13. What ultimately emerged as Madras Act 11 of 1934 was introduced into the Legislature by Bill 19 of 1933 and in the statement of objects and reasons it is stated that the bill was designed to provide for cases of alienations or default in performance of 'service inams' and to safeguard the interests of the religious institutions in such event. It went on further to state that the grant of the assessment alone to the institution by Government on resumption in cases where the grant did not fall within sub-para 2 of para 5 of B. S. O. 54 prejudiced the interests of the institution and therefore had to be remedied. When the bill in the form published, became Section 44 B of Act 2 of 1927 B. S. O. No. 54 was amended to read :
'Religious and charitable inams fall under two distinct classes, viz. :
(a) inams granted for the performance of a charity or service connected with a Hindu mathor temple; and
(b) inams not falling under class (a) Resumption and re-grants of inams falling under class (a) are, in cases where the inams are alienated or there is a failure to perform the charity or service, governed by the provisions of the Madras Hindu Religious Endowments (Amendment) Act, 1934 (Act 11 of 1934), and the procedure prescribed in that Act & in the rules framed under it (which are contained in Appendix II) should be strictly followed in respect of them. As regards inams falling under class (b), their resumption & regrant should be dealt with in accordance with the provisions of paras. 2 to 14 infra.'
14. Apart from the light afforded by this legislative history, that the case of a persona! grant burdened with service falls only under Clause (b), i.e., inams not falling under Clause (a) in the above classiflcation, this is also clear from a close examination of the operative provisions of Section 44-B itself. In the first place reference may be made to condition (iii) of Sub-clause (2) which provides for resumption and regrant in the event of the temple ceasing to exist or the service in question becoming impossible of performance. It is only necessary to add that the three conditions are alternative and that on any of them being satisfied the inam might be resumed and regranted. In the case of a personal grant--though burdened with service, the temple ceasing to exist would not be any breach of the conditions of the grant and there could not normally be any resumption; but on the other hand, the effect would merely be, that the grantee would hold the land freed from the obligations imposed by the grant.
15. This provision is in our opinion an indication of the type of inams dealt with by Section 44-B, viz., that besides regular endowments for the institution, only purely service inams as distinguished from personal inarns are included within its purview. The matter is further placed beyond doubt by the terms of Clause (f) of Sub-clause (2) under which it is obligatory and mandatory on the part of the revenue authorities to regrant such resumed inam to the temple concerned. The use of the expression 'regrant' is significant and is consistent only with a case where though the original grant might be in favour of an individual service holder, it is virtually and substantially to the institution to which the service has to be rendered. The case of a personal grant though burdened with service would be obviously outside this category.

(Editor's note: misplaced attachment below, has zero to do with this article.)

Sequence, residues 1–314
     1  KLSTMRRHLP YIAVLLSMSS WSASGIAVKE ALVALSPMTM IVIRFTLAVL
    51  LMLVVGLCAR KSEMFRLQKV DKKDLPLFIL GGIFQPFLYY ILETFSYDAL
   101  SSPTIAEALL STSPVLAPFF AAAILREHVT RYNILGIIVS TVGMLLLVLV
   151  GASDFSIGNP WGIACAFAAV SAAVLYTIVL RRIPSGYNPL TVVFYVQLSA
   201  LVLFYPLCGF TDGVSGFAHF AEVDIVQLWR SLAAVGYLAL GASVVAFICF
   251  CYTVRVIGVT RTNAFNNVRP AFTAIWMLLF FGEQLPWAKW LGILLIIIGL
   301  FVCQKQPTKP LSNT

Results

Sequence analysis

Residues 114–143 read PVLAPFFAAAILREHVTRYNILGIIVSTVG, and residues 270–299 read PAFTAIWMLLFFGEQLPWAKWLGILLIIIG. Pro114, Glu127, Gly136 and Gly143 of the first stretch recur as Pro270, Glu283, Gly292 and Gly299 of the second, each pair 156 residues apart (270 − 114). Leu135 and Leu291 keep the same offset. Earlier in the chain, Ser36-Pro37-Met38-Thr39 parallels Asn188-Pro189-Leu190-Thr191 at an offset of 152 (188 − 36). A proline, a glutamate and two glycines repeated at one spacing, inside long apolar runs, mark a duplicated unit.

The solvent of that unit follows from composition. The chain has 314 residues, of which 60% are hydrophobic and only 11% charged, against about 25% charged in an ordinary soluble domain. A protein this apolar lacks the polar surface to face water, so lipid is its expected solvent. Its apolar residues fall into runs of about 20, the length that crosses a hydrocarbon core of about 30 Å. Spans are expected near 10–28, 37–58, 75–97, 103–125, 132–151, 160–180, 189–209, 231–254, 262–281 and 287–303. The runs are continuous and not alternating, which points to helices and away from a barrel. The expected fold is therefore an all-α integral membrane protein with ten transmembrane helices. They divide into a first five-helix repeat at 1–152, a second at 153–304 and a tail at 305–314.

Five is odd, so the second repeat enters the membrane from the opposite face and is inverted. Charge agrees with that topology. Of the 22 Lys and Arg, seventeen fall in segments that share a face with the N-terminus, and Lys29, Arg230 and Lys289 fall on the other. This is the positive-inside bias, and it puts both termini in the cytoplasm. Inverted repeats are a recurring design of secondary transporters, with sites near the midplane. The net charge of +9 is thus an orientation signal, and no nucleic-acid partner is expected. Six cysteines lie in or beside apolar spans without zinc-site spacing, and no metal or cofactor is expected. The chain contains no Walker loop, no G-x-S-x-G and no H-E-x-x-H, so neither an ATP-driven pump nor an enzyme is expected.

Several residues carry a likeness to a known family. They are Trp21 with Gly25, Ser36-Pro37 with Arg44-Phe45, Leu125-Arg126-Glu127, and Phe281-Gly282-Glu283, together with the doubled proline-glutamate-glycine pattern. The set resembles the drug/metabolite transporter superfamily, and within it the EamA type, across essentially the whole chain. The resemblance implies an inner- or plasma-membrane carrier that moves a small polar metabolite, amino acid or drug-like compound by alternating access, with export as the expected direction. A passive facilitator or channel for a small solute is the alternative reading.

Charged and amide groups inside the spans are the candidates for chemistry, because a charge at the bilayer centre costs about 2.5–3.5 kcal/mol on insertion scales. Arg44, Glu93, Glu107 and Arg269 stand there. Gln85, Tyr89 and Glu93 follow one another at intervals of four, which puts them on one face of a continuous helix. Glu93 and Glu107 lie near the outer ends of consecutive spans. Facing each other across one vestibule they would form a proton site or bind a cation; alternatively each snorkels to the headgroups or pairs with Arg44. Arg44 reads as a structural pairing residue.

Further, these proceedings are not in their nature designed to deprive persons of property to which they are absolutely entitled viz., the persona), portion of the grant and the court would be disinclined to construe the provision as having such effect, unless the operative words leave it no option. As has been pointed out above, the language and the provisions of Section 44-B and its his-tory far from supporting the contention raised by Mr. Rajah Aiyar, clearly point to the conclusion that personal inams are not within the scope of the special procedure enacted by Section 44-B, but on the other hand fall within the residuary type mentioned in B. 8. O. No. 54(1)(b) and would have to be dealt with under the procedure prescribed in the said Standing Order. Our conclusion is for tilled by a reference to certain other provisions of the Hindu Religious Endowments Act itself where analogous breaches of duty are dealt with.
Under Section 44 of the Act, where the endowment for the performance of a charity or service connected with a temple consists merely of a charge on property and there is failure in the due performance of the charity or service by the person responsible, the trustee of the temple may require the person in possession of the property on which the endowment is a charge to pay to the trustee the expenses incurred or likely to be incurred in causing the charity or service to be performed. It is no doubt true that it has been held that service inams are not within this provision. Vide --'Kotayya v. Yellamanda', AIR 1933 Mad 549 (C), but we arc referring to the provision merely as affording a useful parallel.
16. The result therefore is that this second appeal fails and is dismissed with costs.